The physiology of response to threat among animals and human beings.
Real violence will often begin with an attack on the mind which triggers an emotional response.
Our survival mechanism is connected to what is called the autonomic nervous system(ANS); this system controls all voluntary and involuntary functions.
The ANS operates automatically, whiteout our control and is the source of our survival responses (Ref. 14).
There are two branches of the ANS; the Sympathetic Nervous System and the Parasympathetic Nervous System. In many regards, they are mirror images of each other – controlling opposite physical and emotional reactions, depending on the external environment in which we perceive ourselves to be in.
To show what happens in the body, a critical situation is described with the changes in
the hormone system and brain, the heartrates descried is hormone activated and is not
equivalent to exercise.
Imagine that you a sitting in your sofa and the hear a sound. The hearing is directly connected to the amygdala, the fear- guard dog of the brain. Is the sound known or maybe a threat? The action is instant; speed is the essential for survival.
The defensive orienting response sets in, you look around and the heartbeat raises from 60 beats/minute to 90 beats /minute(bpm).
This reaction is 1. Degree stress (Ref. 15).
If the sound is threatening, then the sympathetic nervous system will prepare you for danger. Heartbeat will raise to around 120 bpm.
It is a man bye the door, you don’t him and try to communicate with him. If he just is lost and ask for direction, then SNS will adjust the heartrate down again.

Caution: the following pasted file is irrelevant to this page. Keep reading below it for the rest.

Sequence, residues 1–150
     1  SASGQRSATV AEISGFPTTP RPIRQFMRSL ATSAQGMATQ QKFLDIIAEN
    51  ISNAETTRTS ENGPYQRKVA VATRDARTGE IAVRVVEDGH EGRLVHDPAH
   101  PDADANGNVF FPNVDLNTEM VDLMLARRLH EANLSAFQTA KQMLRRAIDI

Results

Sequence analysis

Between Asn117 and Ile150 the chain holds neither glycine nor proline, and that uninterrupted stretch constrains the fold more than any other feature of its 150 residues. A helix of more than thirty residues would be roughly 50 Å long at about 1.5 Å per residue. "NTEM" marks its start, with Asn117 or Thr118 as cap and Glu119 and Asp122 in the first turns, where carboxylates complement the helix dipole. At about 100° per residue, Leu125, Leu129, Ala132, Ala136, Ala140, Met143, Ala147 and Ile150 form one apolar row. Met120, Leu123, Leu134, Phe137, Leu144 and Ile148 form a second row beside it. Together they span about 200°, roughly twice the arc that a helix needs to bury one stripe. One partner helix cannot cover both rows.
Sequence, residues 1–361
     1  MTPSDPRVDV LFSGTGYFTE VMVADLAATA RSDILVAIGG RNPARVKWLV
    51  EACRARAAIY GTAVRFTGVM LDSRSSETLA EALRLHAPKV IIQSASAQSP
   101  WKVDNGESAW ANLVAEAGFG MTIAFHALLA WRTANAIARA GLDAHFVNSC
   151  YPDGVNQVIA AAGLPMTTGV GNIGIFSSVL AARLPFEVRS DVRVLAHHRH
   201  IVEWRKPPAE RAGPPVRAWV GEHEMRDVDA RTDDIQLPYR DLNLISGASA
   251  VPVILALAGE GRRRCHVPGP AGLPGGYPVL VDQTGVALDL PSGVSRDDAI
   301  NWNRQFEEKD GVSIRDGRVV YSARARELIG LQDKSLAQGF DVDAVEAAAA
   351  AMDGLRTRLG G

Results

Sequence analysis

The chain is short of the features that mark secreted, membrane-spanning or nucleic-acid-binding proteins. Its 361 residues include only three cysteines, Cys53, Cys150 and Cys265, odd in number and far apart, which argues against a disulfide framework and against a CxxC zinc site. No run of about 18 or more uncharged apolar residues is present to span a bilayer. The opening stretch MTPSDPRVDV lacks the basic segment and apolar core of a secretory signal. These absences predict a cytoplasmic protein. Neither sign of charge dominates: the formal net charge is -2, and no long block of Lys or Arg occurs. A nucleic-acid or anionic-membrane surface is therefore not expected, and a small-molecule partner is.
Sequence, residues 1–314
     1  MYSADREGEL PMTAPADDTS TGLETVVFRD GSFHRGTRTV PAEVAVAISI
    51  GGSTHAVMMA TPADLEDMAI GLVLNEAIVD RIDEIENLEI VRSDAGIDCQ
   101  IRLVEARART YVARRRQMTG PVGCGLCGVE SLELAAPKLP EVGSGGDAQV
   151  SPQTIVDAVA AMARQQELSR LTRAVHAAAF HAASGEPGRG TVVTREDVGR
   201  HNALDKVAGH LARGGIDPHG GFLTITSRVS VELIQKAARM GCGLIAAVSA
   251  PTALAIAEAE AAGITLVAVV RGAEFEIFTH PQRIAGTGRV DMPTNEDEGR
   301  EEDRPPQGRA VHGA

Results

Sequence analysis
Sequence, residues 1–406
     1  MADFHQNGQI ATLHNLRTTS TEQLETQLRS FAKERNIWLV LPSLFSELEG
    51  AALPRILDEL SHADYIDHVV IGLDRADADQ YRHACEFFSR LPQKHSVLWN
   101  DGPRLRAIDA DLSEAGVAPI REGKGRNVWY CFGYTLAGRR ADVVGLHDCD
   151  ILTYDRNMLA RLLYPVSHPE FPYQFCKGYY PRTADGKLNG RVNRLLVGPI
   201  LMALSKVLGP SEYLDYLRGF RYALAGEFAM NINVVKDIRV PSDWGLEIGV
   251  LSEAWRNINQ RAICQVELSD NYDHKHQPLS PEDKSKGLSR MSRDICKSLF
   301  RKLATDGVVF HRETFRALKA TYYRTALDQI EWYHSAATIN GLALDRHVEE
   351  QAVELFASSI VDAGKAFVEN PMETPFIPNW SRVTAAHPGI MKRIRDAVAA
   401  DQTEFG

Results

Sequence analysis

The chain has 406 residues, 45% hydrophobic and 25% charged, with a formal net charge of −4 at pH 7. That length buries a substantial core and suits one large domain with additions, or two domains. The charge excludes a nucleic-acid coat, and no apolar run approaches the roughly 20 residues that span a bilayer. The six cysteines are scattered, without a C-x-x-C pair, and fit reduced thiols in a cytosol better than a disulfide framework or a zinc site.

If the man pulls out a knife and there is no escape, a chemical process is started by SNS. Adrenalin, noradrenalin and cortisol is produced and the SNS system is further activated.
Now you will, very quickly, evaluate if you must fight him or run. The pulse raises to the range from 145- 180 bpm. You will function normally around 115 bpm, above the fine motor skills will no longer work. The range around 145-175 bpm is optimum for fighting.
This is the 2. Degree stress.
If the danger is over, the PNS will discharge your system. This will take many minutes.
If the danger continues and you are successful in your fight or flight, then there will also be a discharge. You will tremble /cry when in a safe location to reset your system, this is normal and healthy. The animals do the same.
If your heartbeat raises to over 180 bpm you will go into the grey or black zone. Cognitive processing deteriorates and perceptual distortions can appear.
If there is no way out, if you can’t fight or flight then you can end in freeze. Both SNS and PNS is working overtime causing a collapse in your system. The hormone vasopressin is produced which will make the pulse drop fast to 30 bpm and you will be dissociated in a frozen state. Other hormones are released that kills pain and solidifies wounds.
This is the last defend mechanism of our body, the body is like a zombie and wold look dead for an animal or other threat.
Recovery from this state depends of the situation, if it happens then you would need professional help from therapist that are skilled in somatic experience or other specialists in trauma healing.